"O bow, bow all at Fancy's throne, / Whose power could make so vile an elf / With patience bear that thing himself."

— Churchill, Charles (1731-1764)

Work Title
Place of Publication
Books I-II and III, 1762; Book IV, 1763
"O bow, bow all at Fancy's throne, / Whose power could make so vile an elf / With patience bear that thing himself."
Metaphor in Context
Whiffle (who knows not Whiffle's name,
By the impartial voice of Fame
Recorded first through all this land
In Vanity's illustrious band?)
Who, by all bounteous Nature meant
For offices of hardiment,
A modern Hercules at least
To rid the world of each wild beast,
Of each wild beast which came in view
Whether on four legs or on two,
Degenerate, delights to prove
His force on the parade of Love,
Disclaims the joys which camps afford,
And for the distaff quits the sword;
Who fond of women would appear
To public eye and public ear,
But, when in private, let's them know
How little they can trust to show;
Who sports a woman, as of course,
Just as a jockey shews a horse,
And then returns her to the stable,
Or, vainly plants her at his table,
Where he would rather Venus find,
(So pall'd, and so depraved his mind)
Than, by some great occasion led,
To seize, her panting in her bed,
Burning with more than mortal fires,
And melting in her own desires;
Who, ripe in years, is yet a child,
Through fashion, not through feeling, wild;
Whate'er in others, who proceed
As Sense and Nature have decreed,
From real passion flows, in him
Is mere effect of mode and whim;
Who laughs, a very common way,
Because he nothing has to say,
As your choice spirits oaths dispense
To fill up vacancies of sense;
Who having some small sense defies it,
Or, using, always misapplies it;
Who now and then brings something forth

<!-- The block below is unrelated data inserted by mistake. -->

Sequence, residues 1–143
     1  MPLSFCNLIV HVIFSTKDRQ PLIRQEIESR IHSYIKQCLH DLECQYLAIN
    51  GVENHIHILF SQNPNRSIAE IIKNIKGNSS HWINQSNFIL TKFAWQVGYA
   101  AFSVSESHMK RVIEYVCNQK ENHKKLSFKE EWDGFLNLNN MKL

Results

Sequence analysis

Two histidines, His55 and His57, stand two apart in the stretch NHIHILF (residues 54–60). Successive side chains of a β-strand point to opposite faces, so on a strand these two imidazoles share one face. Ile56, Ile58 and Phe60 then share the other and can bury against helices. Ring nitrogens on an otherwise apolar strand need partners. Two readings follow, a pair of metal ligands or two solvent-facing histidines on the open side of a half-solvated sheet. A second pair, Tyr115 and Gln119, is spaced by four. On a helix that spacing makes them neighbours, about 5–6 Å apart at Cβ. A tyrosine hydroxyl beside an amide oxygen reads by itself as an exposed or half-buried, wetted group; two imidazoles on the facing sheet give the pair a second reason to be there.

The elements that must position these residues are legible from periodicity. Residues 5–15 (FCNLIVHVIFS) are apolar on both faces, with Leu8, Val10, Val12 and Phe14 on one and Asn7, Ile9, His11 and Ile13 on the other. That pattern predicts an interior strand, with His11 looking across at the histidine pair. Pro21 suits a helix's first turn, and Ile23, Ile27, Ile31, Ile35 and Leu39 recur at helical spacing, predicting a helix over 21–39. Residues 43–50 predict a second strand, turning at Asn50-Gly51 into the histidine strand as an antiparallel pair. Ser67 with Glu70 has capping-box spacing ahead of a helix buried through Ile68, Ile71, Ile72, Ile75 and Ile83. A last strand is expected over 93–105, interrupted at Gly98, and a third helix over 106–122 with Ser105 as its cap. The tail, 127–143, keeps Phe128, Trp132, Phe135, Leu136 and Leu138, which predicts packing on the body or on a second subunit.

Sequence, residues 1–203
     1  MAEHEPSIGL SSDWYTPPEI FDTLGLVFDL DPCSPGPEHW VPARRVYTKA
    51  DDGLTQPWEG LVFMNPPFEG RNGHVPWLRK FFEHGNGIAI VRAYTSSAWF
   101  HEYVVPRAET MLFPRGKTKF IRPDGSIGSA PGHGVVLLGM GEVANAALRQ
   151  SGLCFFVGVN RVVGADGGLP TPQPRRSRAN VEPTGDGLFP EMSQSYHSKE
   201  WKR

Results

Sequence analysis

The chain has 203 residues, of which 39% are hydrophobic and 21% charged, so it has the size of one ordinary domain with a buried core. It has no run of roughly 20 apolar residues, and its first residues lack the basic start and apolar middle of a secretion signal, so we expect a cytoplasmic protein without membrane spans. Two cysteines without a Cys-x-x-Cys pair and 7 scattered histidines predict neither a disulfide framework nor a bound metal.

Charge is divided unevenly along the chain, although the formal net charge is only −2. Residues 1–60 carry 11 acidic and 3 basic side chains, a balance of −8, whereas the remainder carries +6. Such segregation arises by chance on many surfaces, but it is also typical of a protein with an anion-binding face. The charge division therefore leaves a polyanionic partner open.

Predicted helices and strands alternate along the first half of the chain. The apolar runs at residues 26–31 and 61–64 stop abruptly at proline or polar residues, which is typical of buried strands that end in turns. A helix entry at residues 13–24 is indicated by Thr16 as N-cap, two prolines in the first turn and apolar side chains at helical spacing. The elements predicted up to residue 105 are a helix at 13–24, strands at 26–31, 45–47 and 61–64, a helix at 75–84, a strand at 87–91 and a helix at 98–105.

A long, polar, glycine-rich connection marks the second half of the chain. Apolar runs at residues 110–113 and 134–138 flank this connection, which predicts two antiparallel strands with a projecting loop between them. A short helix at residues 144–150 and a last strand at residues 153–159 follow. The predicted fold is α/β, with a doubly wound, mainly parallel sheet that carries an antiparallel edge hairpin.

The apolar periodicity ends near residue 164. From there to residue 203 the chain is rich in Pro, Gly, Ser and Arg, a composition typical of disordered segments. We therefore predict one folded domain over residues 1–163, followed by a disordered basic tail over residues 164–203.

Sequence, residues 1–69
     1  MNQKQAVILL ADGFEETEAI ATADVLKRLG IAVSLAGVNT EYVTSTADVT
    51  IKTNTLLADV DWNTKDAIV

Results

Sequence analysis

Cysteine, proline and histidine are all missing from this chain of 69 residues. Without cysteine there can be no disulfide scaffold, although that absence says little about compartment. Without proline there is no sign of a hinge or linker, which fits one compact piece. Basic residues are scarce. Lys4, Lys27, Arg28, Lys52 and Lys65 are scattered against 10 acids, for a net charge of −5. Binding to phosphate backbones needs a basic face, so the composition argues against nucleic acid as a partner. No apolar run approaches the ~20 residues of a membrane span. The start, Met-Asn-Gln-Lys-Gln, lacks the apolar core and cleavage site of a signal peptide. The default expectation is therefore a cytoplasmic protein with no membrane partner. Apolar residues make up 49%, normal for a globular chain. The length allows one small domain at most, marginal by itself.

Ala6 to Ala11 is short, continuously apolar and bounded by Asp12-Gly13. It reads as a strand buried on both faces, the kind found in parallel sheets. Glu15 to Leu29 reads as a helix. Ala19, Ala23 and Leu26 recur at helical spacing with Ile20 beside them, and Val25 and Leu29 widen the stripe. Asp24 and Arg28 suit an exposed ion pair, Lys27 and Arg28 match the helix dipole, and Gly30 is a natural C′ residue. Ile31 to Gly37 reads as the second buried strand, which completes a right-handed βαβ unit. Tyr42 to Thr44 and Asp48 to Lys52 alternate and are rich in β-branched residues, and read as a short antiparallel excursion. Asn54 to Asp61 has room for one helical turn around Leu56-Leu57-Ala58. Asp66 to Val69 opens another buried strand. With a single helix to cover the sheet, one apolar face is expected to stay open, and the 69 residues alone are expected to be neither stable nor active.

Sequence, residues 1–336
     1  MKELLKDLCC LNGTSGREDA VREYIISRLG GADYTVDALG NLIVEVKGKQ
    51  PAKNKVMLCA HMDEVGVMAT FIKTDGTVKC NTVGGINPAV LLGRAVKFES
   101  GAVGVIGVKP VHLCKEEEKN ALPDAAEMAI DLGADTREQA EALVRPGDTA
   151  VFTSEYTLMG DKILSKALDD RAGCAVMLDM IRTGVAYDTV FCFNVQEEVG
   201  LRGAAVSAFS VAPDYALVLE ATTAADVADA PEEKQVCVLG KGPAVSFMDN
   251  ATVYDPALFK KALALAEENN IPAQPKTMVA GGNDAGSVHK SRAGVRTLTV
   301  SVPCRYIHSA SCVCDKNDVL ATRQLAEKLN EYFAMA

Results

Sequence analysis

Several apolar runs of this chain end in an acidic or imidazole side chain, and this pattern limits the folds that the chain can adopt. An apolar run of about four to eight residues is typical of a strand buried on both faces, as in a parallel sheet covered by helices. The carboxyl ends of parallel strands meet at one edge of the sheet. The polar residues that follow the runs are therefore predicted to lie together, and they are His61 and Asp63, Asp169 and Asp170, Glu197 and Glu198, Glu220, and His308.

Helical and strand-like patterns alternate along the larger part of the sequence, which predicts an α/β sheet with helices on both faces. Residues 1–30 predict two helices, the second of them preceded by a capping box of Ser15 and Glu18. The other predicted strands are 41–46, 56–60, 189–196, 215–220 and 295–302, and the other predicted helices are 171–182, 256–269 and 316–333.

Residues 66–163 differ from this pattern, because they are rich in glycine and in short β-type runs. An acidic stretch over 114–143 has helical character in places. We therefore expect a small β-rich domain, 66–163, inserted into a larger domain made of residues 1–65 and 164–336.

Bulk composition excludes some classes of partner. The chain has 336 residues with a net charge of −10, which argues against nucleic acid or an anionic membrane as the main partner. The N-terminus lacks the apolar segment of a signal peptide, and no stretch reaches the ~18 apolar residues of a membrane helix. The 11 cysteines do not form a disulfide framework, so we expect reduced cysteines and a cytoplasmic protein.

Which seems indeed of sterling worth;
Something, by sudden start and fit,
Which at a distance looks like wit,
But, on examination near,
To his confusion will appear,
By truth's fair glass, to be at best
A threadbare jester's threadbare jest;
Who frisks and dances through the street,
Sings without voice, rides without seat,
Plays o'er his tricks, like Æsop's ass,
A gratis fool to all who pass;
Who riots, though he loves not waste,
Whores without lust, drinks without taste,
Acts without sense, talks without thought,
Does every thing but what he ought;
Who, led by forms, without the power
Of vice, is vicious; who one hour,
Proud without pride, the next will be
Humble without humility:
Whose vanity we all discern,
The spring on which his actions turn;
Whose aim in erring, is to err,
So that he may be singular,
And all his utmost wishes mean
Is, though he's laugh'd at, to be seen:
Such (for when Flattery's soothing strain
Had robb'd the Muse of her disdain,
And found a method to persuade
Her art to soften every shade,
Justice, enraged, the pencil snatch'd
From her degenerate hand, and scratch'd
Out every trace, then, quick as thought,
From life this striking likeness caught)
In mind, in manners, and in mien,
Such Whiffle came, and such was seen
In the world's eye; but (strange to tell!)
Misled by Fancy's magic spell,
Deceived, not dreaming of deceit,
Cheated, but happy in the cheat,
Was more than human in his own.
O bow, bow all at Fancy's throne,
Whose power could make so vile an elf
With patience bear that thing himself
Searching "fancy" and "throne" in HDIS (Poetry)
In four books, first published separately. 11 entries in ESTC (1762, 1763, 1765, 1766, 1769).

See Charles Churchill, The Ghost (London: Printed for the author, and sold by William Flexney, 1762). <Link to ESTC><Link to ECCO><Link to ECCO-TCP>

See also The Ghost. By C. Churchill. Book III. The second edition, with additions. (London: Printed for the author; and sold by W. Flexney, near Gray’s-Inn Gate, Holborn, 1763).<Link to ECCO-TCP>

And also The Ghost: Book IV. By C. Churchill. (London: Printed for J. Coote; W. Flexney; G. Kearsly; T. Henderson; J. Gardner; and J. Almon, 1763). <Link to ECCO-TCP>

Reading Charles Churchill: Selected Poetry, ed. Adam Rounce (Nottingham: Trent Editions, 2003).
Date of Entry
Date of Review

The Mind is a Metaphor is authored by Brad Pasanek, Assistant Professor of English, University of Virginia.